I love learning about and getting a taste of the diverse traditions and flavors of our world… this recipe for kishk, a simple ferment of bulgur wheat and yogurt enjoyed in soups, stews, and a variety of dishes across the Middle East, has intrigued me ever since I flipped through Sandor Katz’ wild fermentation last winter. (The Food Heritage Foundation has a fascinating description of how kishk is traditionally prepared, in huge batches on rooftops, if you are interested in learning more.) When I came across a bag of bulgur wheat at the discount store this spring, I was excited to finally test it out. I was forced to abandon the project after a couple days, however, when sugar ants invaded. After painstakingly picking out every ant segment from of a couple spoonfuls, I quickly realized how monumental an effort that would be, so I stuck the rest in the back of the freezer to deal with later. Finally found the time to return to the process this week. Almost worth every minute of squinting and sifting. Lesson learned: Make sure you surround your bowl with an insurmountable moat of water while it ferments. In just a few days, you’ll end up with a unique and versatile seasoning, reminiscent of parmesan cheese, with minimal effort.
The original recipe calls for kneading the mixture each day by hand, but I found it too sticky for this. Folding and pressing it with a spoon seemed to work fine.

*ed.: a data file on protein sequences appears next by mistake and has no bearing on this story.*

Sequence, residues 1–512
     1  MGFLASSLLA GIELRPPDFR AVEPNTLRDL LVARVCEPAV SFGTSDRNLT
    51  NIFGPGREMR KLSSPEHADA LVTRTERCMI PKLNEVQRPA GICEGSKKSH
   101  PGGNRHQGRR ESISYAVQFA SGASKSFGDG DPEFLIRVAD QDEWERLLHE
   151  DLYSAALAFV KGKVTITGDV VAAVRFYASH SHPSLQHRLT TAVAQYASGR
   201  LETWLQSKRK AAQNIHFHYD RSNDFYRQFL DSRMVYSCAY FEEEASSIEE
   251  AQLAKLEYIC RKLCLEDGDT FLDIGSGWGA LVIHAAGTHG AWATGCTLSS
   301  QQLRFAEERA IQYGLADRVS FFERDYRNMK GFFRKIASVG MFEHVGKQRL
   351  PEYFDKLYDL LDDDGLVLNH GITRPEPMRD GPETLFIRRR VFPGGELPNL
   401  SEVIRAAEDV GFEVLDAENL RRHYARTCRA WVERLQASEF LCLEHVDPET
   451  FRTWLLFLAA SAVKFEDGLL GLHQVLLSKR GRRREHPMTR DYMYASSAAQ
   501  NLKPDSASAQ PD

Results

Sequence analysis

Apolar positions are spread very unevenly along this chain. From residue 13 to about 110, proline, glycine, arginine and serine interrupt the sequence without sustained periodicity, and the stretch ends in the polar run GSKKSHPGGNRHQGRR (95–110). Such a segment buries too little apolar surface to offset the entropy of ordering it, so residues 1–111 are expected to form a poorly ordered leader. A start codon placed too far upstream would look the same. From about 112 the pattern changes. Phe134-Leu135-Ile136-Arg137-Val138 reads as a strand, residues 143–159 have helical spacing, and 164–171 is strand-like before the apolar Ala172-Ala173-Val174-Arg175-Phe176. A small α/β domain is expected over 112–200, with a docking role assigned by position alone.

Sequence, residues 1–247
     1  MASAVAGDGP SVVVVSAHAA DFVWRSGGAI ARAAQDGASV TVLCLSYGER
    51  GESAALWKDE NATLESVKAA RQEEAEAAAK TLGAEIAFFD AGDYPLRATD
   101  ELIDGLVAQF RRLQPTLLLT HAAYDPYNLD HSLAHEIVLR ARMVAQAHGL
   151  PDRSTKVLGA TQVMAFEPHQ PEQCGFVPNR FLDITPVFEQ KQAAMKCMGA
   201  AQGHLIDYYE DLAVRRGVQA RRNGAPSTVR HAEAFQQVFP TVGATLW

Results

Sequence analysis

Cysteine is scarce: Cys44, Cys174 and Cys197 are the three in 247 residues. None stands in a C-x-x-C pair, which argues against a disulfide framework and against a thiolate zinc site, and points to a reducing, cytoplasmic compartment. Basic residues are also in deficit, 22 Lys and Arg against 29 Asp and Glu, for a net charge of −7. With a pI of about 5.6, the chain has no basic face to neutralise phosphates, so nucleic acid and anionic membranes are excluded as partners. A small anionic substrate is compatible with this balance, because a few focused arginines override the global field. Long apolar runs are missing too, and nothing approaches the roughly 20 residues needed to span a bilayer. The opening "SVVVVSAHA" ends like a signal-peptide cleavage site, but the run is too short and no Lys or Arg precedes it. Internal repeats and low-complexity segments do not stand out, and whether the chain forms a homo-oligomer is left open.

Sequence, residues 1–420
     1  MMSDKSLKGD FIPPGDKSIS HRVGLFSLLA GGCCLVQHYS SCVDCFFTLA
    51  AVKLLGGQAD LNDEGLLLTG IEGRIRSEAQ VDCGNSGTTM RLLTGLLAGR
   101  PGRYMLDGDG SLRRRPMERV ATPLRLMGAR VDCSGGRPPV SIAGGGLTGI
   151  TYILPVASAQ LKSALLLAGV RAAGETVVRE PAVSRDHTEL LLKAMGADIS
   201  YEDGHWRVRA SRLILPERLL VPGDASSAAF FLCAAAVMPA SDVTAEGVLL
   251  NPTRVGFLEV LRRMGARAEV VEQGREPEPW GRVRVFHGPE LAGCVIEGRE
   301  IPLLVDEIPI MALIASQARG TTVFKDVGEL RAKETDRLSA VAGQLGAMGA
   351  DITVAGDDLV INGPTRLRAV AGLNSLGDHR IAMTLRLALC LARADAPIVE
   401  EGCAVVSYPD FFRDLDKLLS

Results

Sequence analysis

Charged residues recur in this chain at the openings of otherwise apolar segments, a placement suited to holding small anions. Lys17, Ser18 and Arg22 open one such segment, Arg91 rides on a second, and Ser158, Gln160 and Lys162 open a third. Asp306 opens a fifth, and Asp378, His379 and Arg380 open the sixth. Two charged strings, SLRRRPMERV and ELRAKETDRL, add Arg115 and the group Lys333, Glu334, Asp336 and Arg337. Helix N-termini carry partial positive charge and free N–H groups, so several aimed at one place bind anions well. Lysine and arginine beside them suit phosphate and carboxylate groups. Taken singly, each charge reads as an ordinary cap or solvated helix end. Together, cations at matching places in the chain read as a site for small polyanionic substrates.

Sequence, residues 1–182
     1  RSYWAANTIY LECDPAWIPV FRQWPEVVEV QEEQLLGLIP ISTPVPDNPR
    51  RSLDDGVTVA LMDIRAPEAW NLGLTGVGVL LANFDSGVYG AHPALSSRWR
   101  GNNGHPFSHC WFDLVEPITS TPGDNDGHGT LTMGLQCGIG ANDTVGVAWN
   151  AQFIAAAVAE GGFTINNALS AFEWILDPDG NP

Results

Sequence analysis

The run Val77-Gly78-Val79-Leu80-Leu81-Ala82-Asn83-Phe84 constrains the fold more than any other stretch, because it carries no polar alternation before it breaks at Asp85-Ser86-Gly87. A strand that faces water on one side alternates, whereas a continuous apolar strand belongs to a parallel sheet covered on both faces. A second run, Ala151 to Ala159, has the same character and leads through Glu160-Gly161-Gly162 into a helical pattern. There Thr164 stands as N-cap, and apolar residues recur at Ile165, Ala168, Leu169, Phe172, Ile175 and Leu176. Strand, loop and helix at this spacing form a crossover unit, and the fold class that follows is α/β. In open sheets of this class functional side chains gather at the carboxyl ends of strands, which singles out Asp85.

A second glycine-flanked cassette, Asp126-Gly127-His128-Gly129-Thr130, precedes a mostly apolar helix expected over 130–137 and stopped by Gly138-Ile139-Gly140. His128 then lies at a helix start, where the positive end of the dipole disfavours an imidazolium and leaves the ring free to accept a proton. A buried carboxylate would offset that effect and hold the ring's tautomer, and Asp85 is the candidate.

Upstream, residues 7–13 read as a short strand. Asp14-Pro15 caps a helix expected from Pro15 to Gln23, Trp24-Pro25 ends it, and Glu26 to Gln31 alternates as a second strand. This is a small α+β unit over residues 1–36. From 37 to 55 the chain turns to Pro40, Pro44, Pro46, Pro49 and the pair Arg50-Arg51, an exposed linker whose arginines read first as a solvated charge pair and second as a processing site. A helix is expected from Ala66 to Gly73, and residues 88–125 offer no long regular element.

1 cup uncooked bulgur wheat
2 1/2 cups yogurt
2 teaspoons salt
In a small bowl, mix together the bulgur and yogurt. Cover and leave at room temperature overnight. Fold and knead the mixture by hand or with a spoon, adding a spoonful or so of yogurt if it seems dry. Cover and leave to ferment. Repeat this process once a day for about nine days. On the final day, mix in the salt, then spread on a baking sheet and leave in a warm, dry place. (I stuck it in the oven with the pilot light for about a day.) As it dries, break it into smaller pieces and crumbs. When dried, grind it into a powder (it stayed coarse for me, like parmesan cheese, which is fine) and store in an air-tight jar. Use as you would flour to thicken soups or sauces, sprinkle in toppings as you would bread crumbs or parmesan, or explore the diverse ways kishk is used in traditional Middle Eastern dishes!